Betsi Cadwaladr to shut minor injury units in two weeks

Flint protesters
Image caption A number of protests have already taken place against the reorganisation

Health managers have denied claims they are rushing through controversial changes in services in north Wales.

Betsi Cadwaladr University Health Board said some minor injury units will close within two weeks but added a reliable service has not been offered for months because of staffing difficulties.

Some campaigners voiced their fury about the plans.

Meanwhile, Denbighshire council have postponed a no confidence vote in the health board.

Last month the health board announced community hospitals at Blaenau Ffestiniog, Flint, Llangollen and Prestatyn would see services switched to 10 other locations.

The board also said it would move specialist intensive care for babies to England.

'Reliable service'

And on Tuesday, however, the board confirmed the minor injury units at Llangollen, Chirk, Flint, Ruthin, Colwyn Bay and Blaenau Ffestiniog will close within the next two weeks.

The services will be consolidated in a seven day per week service in the hospital hubs with support from services at Bryn Beryl and Tywyn Hospitals.

"Staffing difficulties mean that we have not been able to offer a reliable service for many months, with units periodically having to close on a temporary basis," it said in a statement.

"We want to ensure that we are able to deliver a dependable service that patients can be sure they can rely on seven days per week.

"At this stage we are not closing any hospital beds or transferring any current inpatients to other hospitals.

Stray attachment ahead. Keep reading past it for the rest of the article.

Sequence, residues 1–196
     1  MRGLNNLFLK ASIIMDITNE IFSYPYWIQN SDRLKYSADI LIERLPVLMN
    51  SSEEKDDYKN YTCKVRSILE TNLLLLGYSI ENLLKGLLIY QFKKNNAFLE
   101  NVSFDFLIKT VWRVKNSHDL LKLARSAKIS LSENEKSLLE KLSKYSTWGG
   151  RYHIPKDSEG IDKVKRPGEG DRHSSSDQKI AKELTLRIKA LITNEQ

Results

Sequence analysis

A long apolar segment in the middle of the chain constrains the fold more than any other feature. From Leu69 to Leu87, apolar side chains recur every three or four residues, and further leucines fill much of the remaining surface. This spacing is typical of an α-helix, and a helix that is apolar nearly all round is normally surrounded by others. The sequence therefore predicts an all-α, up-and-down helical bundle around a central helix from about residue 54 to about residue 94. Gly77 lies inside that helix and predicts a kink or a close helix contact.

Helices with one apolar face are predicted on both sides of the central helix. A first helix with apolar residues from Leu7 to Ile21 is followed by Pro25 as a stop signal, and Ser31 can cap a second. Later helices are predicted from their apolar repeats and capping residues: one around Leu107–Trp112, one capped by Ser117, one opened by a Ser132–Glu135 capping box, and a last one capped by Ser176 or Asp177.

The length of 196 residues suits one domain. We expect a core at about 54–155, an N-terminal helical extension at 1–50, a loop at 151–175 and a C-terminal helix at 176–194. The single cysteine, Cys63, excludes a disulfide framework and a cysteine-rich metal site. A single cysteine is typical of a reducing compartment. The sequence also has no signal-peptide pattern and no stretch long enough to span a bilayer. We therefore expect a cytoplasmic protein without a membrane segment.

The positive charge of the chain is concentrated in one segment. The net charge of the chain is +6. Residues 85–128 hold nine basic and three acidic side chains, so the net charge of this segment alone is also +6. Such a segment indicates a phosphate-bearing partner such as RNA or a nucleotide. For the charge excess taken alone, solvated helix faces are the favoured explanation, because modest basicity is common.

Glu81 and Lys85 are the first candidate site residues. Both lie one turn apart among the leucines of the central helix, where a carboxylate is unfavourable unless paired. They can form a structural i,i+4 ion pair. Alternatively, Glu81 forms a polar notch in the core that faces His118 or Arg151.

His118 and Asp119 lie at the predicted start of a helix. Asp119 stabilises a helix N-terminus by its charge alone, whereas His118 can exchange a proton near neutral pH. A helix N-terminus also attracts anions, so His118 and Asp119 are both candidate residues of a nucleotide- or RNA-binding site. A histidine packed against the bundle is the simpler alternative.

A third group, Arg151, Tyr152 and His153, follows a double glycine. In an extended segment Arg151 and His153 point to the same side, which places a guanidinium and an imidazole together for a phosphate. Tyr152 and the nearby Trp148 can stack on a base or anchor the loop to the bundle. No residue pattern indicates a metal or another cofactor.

'Shabby manoeuvres'

"We are suspending admissions to these hospitals so that, if agreement is reached with the community health council that the closures should proceed, we save as many patients as possible from the disruption of a transfer to an alternative hospital."

But a spokesman for the Save Flint Hospital Campaign said it was the "latest in a long line of shabby manoeuvres" by the board.

"Much has been said about the need to change in recent week, however there is one thing that has not changed - and that is the health board's arrogance and disconnect from the people that they should serve."

Postponing its no confidence vote, Denbighshire council said it would seek an urgent meeting with health board management this week

It said it was concerned about plans to close facilities without guarantees of funding for replacements, transport for patients who will have to travel further for care and funding for services which transferring to social services.

Sparked protests

Conwy council also postponed its no confidence vote last week but will now take place on 21 February following a meeting between the two sides.

First Minister Carwyn Jones has warned health services will "collapse" without hospital reorganisation.

He told BBC Wales' Sunday Politics programme that changes to the NHS in Wales were necessary but the government would look at proposals in detail if they are referred by CHCs.

Wales' seven health boards are in the process of finalising reorganisation plans, many of which have sparked protests by opponents.

A cross-party group of assembly members, including a Labour AM, have also called for Health Minister Lesley Griffiths to intervene.

The plans could be referred to ministers by the local patient watchdog, the community health council, which has still to make a decision.

Plaid Cymru AM, Llyr Huws Griffiths, accused health managers of "ploughing on regardless" with the proposals.

More on this story

Related Internet links

The BBC is not responsible for the content of external Internet sites